Extra inning games will look a lot different in rookie ball this year. MLB announced that they will be testing out a new system in the Gulf Coast League and Arizona Fall League which will automatically place a runner on second base at the start of the tenth inning. The drastic new rule, which has the approval of Hall of Fame manager and current Chief Baseball Officer Joe Torre, falls in line with Commissioner Rob Manfred’s efforts to improve baseball’s pace of play.
Only, it won’t really change the pace of play at all. MLB is missing the fact that pace of play and game length are two very different things. I’m all for quickening the pace of games, so long as it doesn’t change the actual rules of the game itself. There are plenty of little adjustments that could be made, some of which Manfred has already implemented, and I commend him for that. One of those is limiting the length of the breaks in between innings. Another good thing he did was requiring batters to stay in the dirt area behind home plate for the entirety of their at bat. Maybe it’s just me, but it seems as though this was working initially, until umpires decided to stop enforcing it after a few months.
Teams are already limited to one mound visit by a coach or manager per pitcher per inning, but I would also be in favor of limiting player mound visits to one per inning. The catcher shouldn’t be allowed to visit his pitcher for every single batter in the inning. If you can’t get on the same page, that’s just too bad. Making that a rule could shave off ten or more minutes from each game.
Implementing a pitch clock is another idea that’s been thrown around and it sounds good in theory, but I’m not sure it would work very well in practice. Again, this is something that was attempted to some degree a few years back, but it never seemed to be enforced very consistently. A better solution would be to have coaches train pitchers from a young age to get rid of the ball quickly and practice rhythm. It would actually be an advantage to the pitcher, since it would throw some batters off more by giving them less time to prepare for the next pitch. There’s no reason it can’t be done; Mark Buehrle made a career out of it, and if you look at clips from the 70s and 80s, pitchers would routinely get the ball back from the catcher and throw the next pitch within five to ten seconds. As a batter nowadays, you can take a pitch, run to the supermarket, and get back before Pedro Baez or Clay Buchholz throws the next pitch.
The rule changes that the league has been proposing this offseason badly miss the point. Earlier this month, MLB made proposals on two different rule changes, one being the raising of the strike zone and the other the elimination of the intentional walk. Raising the strike zone approximately two inches, as has been proposed, would have more of an impact on the game, presumably leading to an increase in balls in play. While I would love to see fewer strikeouts, I’m not sure if this would accomplish just that or have the adverse effect of causing a spike in walks. Jayson Stark of ESPN notes that nearly 30% of all plate appearances in today’s game result in either a walk or a strikeout, a higher percentage than any other time in MLB history. Besides, every umpire already has their own unique strike zone, so I’m skeptical that veteran umpires would change the way they’ve been calling games for decades.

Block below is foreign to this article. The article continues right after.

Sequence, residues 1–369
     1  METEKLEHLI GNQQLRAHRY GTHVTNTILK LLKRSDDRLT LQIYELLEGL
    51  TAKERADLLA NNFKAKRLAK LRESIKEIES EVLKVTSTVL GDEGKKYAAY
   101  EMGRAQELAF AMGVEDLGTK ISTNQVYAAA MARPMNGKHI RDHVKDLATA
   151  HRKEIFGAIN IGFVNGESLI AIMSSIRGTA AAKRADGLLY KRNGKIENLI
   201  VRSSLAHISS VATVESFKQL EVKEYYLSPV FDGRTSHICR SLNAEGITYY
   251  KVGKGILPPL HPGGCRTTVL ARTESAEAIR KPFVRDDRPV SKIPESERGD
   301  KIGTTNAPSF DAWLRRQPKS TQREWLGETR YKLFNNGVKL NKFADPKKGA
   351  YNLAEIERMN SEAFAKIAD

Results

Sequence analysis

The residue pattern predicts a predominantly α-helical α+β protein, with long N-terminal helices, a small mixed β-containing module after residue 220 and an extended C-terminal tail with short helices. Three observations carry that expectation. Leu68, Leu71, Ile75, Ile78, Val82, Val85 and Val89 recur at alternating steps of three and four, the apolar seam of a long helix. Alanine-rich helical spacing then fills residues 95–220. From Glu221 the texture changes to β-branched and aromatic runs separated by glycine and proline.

Doing away with the practice of tossing four balls to the plate for an intentional walk won’t change anything significantly and for that reason, it’s a fairly curious proposal. Stark also points out that intentional walks only happen once every 2.6 games on average. That means this new rule would eliminate one whole minute every two and a half games. That’s one entire minute. Every two and a half games.
Both of these proposals will need to be approved by the player’s union, but if MLB is serious about cutting dead time out of games, this will not solve anything. Nor will tinkering with the extra inning rules. Before you panic, the extra inning modifications are not going to be implemented in the major leagues, just the lower minors. Since it will only be implemented in the minor leagues, it does not need approval from the player’s union. However, the pessimist in me knows that there’s a possibility the rule gradually works its way up the levels of the minors until MLB adopts it.
That would be a real shame. It won’t have any effect of the majority of games, but the ones that go into extra innings are usually the most interesting and most compelling to watch. Torre says that in the event of an 18-inning game, “It’s not fun to watch when you go through your whole pitching staff and wind up bringing a utility infielder in to pitch.” Well, if managers are so concerned about that, maybe they should manage their bullpen better, instead of using five different relievers to get three out in the seventh inning. True baseball fans love the intensity and strategy that extra innings provide, and to mess with that would be inconsiderate of the sport’s fan base.